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AWS Glue Streaming ETL Job with Apace Iceberg CDK Python project!


In this project, we create a streaming ETL job in AWS Glue to integrate Iceberg with a streaming use case and create an in-place updatable data lake on Amazon S3.

After ingested to Amazon S3, you can query the data with Amazon Athena.

This project can be deployed with AWS CDK Python. The cdk.json file tells the CDK Toolkit how to execute your app.

This project is set up like a standard Python project. The initialization process also creates a virtualenv within this project, stored under the .venv directory. To create the virtualenv it assumes that there is a python3 (or python for Windows) executable in your path with access to the venv package. If for any reason the automatic creation of the virtualenv fails, you can create the virtualenv manually.

To manually create a virtualenv on MacOS and Linux:

$ python3 -m venv .venv

After the init process completes and the virtualenv is created, you can use the following step to activate your virtualenv.

$ source .venv/bin/activate

If you are a Windows platform, you would activate the virtualenv like this:

% .venv\Scripts\activate.bat

Once the virtualenv is activated, you can install the required dependencies.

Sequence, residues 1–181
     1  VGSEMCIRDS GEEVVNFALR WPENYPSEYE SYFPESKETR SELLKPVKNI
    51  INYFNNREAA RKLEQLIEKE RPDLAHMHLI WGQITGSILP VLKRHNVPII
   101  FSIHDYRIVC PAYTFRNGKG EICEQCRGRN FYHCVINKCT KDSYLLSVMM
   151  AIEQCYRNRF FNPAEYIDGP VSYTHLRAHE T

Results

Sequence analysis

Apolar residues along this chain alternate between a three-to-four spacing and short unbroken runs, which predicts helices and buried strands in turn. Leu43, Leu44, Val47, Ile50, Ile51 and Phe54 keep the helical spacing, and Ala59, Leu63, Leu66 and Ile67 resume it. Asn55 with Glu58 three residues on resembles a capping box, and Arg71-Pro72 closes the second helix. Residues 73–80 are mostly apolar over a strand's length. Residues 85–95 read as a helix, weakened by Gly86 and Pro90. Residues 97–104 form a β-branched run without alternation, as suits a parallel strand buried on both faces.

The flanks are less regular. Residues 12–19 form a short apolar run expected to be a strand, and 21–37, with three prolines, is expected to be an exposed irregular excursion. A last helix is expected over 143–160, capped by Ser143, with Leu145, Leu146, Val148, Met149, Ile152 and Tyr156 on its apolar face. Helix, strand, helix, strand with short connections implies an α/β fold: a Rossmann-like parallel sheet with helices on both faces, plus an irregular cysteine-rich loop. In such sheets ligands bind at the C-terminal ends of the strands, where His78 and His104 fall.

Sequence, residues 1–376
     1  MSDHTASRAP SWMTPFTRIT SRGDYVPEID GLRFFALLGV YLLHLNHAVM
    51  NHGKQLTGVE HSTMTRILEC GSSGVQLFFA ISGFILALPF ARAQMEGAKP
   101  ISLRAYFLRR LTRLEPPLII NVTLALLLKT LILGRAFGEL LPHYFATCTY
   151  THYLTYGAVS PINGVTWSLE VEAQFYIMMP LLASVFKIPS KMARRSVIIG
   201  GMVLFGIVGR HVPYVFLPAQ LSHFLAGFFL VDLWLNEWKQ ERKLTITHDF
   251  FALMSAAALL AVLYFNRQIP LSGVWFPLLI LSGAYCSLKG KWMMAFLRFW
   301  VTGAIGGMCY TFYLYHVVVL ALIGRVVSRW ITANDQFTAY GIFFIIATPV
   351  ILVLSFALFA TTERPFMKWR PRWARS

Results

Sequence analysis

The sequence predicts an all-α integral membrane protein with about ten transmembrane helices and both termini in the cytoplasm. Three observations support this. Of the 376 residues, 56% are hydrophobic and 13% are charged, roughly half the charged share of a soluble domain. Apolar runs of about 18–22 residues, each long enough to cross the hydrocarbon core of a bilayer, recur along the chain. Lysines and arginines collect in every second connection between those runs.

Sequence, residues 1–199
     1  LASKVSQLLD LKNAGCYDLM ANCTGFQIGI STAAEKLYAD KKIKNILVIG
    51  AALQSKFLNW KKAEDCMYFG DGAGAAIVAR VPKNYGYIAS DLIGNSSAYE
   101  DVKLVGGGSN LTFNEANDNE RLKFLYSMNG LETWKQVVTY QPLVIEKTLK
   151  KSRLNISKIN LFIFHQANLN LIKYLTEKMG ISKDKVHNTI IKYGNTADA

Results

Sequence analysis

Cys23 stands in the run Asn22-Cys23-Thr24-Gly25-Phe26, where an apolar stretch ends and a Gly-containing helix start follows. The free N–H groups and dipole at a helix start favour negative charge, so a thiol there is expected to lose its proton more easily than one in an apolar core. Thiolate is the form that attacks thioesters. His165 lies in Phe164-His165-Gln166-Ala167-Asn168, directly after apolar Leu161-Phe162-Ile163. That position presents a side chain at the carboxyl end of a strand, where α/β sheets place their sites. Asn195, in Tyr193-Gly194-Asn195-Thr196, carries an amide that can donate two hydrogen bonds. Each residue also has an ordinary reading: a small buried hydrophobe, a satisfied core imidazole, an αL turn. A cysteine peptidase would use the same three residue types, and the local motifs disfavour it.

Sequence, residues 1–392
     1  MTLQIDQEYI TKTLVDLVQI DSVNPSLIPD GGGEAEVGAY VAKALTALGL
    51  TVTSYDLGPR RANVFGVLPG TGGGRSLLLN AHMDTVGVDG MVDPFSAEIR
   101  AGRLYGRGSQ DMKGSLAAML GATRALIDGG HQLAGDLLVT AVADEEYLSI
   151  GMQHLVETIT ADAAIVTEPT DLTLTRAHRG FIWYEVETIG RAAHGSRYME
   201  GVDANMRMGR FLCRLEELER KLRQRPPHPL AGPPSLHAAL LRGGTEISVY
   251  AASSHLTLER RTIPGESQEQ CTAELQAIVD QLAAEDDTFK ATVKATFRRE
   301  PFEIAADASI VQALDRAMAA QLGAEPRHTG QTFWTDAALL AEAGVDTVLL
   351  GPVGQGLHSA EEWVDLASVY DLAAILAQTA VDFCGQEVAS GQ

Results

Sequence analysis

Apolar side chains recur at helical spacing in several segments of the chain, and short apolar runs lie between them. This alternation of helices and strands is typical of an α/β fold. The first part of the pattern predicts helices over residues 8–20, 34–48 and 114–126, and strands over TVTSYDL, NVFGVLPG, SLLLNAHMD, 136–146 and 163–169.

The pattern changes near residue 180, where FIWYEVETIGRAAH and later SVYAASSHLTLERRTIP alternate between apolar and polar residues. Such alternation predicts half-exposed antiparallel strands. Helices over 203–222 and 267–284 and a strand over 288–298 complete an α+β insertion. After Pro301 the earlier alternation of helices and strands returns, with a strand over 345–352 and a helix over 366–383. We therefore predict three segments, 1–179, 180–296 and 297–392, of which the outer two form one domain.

(.venv) $ pip install -r requirements.txt

In case of AWS Glue 3.0, before synthesizing the CloudFormation, you first set up Apache Iceberg connector for AWS Glue to use Apache Iceber with AWS Glue jobs. (For more information, see References (2))

Then you should set approperly the cdk context configuration file, cdk.context.json.

For example:

  "kinesis_stream_name": "iceberg-demo-stream",
  "glue_assets_s3_bucket_name": "aws-glue-assets-123456789012-atq4q5u",
  "glue_job_script_file_name": "",
  "glue_job_name": "streaming_data_from_kds_into_iceberg_table",
  "glue_job_input_arguments": {
    "--catalog": "job_catalog",
    "--database_name": "iceberg_demo_db",
    "--table_name": "iceberg_demo_table",
    "--primary_key": "name",
    "--kinesis_table_name": "iceberg_demo_kinesis_stream_table",
    "--starting_position_of_kinesis_iterator": "LATEST",
    "--iceberg_s3_path": "s3://glue-iceberg-demo-atq4q5u/iceberg_demo_db",
    "--lock_table_name": "iceberg_lock",